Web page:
[Viewpoint] Enterprising workYouth unemployment is a serious issue in Korea. Between 2004 and 2008, the employment rate of those aged 15-29 dropped from 45.1 percent to 41.6 percent, meaning only four out of 10 young people have jobs. The remaining 60 percent comprises not only students but graduates who are seeking jobs, have given up their job search or have no desire to work. The percentage of young people neither in employment nor in education or training tends to be larger in the highly-educated group; 25 percent of college graduates in their 20s were classified as such in 2005, the highest among OECD member countries.
Why are highly-educated people without jobs? One factor is that while hiring at large companies remains sluggish, a growing number of young highly-educated people hesitate to apply for jobs at small- and medium-sized enterprises (SME), which have chronic labor shortages. Around 80 percent of the workforce that SME manufacturers need are production workers, including machine operators and assemblers. The shunning of SMEs by highly-educated people is a natural outcome of Korea’s excess focus on higher education.
Youth employment should be addressed as a national issue. It is a social waste for young people to remain jobless after receiving an expensive education instead of finding work at SMEs. If the situation continues, these young people may face a fate similar to Japan’s so-called “lost generation,” a group of young people aged 25-35 who failed to find permanent jobs and in the end, fell into poverty during the country’s “lost decade” in the 1990s.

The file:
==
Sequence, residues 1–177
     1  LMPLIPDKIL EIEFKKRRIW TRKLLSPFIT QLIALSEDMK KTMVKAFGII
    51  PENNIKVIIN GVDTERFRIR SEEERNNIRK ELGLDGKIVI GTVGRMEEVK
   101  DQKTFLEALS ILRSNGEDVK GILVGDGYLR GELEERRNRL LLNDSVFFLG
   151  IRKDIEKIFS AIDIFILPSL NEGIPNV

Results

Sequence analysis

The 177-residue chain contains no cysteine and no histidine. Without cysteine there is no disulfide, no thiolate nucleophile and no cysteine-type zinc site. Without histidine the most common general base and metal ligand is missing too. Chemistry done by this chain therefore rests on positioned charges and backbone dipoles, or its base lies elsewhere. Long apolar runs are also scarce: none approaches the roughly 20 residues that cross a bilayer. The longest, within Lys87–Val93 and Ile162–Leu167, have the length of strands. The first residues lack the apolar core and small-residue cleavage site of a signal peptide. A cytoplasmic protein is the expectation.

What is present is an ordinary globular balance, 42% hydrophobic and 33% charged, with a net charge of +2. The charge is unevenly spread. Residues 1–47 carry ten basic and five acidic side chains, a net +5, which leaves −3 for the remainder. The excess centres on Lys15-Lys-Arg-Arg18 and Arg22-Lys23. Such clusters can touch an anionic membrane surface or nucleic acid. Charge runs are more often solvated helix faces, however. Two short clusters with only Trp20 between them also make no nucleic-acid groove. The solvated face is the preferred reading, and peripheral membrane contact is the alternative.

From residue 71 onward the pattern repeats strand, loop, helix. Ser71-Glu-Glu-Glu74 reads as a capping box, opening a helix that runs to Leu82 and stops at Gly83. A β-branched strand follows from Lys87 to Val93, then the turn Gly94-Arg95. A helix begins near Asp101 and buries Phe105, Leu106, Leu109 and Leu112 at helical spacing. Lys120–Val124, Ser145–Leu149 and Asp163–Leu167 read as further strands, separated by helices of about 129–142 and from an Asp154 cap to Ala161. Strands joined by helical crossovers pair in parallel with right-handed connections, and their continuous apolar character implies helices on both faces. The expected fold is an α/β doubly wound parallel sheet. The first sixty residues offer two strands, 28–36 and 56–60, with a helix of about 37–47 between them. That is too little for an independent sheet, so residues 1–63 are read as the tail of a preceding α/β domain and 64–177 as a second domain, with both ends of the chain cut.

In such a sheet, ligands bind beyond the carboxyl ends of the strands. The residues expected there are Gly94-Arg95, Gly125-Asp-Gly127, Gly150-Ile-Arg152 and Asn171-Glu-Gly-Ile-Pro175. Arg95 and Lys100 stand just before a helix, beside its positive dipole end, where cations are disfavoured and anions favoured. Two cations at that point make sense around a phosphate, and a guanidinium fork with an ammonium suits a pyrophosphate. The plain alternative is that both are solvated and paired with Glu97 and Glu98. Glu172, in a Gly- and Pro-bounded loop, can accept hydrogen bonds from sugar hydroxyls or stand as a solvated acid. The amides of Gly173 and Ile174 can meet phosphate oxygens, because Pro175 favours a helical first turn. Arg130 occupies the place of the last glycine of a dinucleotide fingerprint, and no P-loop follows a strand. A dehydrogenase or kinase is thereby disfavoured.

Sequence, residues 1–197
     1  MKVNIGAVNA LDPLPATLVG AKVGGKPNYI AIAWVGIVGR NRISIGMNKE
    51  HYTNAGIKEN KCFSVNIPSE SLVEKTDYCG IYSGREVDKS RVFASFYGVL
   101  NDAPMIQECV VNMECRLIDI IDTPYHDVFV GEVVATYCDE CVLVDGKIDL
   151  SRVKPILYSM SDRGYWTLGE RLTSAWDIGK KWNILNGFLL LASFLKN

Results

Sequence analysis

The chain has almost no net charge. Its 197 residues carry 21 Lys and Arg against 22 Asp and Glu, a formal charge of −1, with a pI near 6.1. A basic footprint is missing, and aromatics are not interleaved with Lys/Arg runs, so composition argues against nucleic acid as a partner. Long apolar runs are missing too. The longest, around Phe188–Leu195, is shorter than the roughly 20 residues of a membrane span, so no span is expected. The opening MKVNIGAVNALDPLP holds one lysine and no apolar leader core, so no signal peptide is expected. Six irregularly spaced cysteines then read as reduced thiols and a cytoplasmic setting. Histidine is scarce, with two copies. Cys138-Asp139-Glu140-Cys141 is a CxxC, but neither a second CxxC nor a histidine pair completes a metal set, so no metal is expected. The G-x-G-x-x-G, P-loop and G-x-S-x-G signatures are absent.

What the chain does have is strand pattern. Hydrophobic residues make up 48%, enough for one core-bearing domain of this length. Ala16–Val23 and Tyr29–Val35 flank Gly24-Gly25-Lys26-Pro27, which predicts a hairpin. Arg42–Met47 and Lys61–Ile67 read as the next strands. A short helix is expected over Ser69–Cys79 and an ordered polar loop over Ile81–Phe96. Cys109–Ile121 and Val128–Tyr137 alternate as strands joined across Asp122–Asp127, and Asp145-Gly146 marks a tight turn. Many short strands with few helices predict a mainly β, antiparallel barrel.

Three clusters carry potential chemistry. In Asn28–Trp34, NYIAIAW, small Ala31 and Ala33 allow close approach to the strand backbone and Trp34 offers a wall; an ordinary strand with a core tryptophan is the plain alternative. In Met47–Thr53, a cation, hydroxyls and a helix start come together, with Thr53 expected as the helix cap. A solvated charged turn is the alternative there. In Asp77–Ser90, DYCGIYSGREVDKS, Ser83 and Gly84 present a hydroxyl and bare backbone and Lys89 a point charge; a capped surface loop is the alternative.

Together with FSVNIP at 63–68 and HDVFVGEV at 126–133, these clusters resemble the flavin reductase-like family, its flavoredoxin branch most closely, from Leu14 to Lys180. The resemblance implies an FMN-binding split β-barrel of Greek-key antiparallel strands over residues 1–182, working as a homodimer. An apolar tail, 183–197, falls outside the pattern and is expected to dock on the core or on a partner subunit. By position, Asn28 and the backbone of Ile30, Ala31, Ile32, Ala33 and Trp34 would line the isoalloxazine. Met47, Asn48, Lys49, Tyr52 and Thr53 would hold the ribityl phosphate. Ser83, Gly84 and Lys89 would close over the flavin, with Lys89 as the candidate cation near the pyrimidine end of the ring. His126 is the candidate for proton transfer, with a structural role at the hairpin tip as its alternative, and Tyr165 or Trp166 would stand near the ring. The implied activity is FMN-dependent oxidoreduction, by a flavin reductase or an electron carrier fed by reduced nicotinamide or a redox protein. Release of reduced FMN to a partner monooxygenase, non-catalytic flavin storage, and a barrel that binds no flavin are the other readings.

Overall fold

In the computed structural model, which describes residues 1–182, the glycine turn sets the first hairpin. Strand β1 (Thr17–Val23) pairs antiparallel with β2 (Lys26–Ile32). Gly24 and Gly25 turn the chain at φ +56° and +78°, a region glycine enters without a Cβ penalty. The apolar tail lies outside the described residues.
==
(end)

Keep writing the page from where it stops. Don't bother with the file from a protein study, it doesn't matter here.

Social enterprise can be an alternative for young job seekers who were rejected by large companies in the face of fierce competition but are unwilling to perform production work at SMEs.
Social enterprise refers to social organizations that jointly operate a business to solve social problems. Social enterprise is similar to a civic group in that it is dedicated to solving social problems rather than maximizing profits. The main interests of social enterprises are support for the disadvantaged such as the disabled and children and environmental protection projects. To achieve their objective, social enterprises engage in profit-making activities, including manufacturing and sales of products and services, reinvesting the earnings in social purposes.
Juma Ventures, based in San Francisco, is an exemplary social enterprise that solves social issues through business operation. The company was originally established as a non-profit organization for the development of young people in poverty. It started ice cream sales business by concluding a franchise contract with Ben & Jerry’s, the ice cream maker, in 1994. Through profits earned from ice cream sales, it offers job training and employment for low-income youths, as well as college scholarships.
Social enterprises do not offer high wages. In the U.S., the annual salary at social enterprises is 60-80 percent of the national average. Yet, social enterprises can be an alternative for young unemployed people for the following three reasons.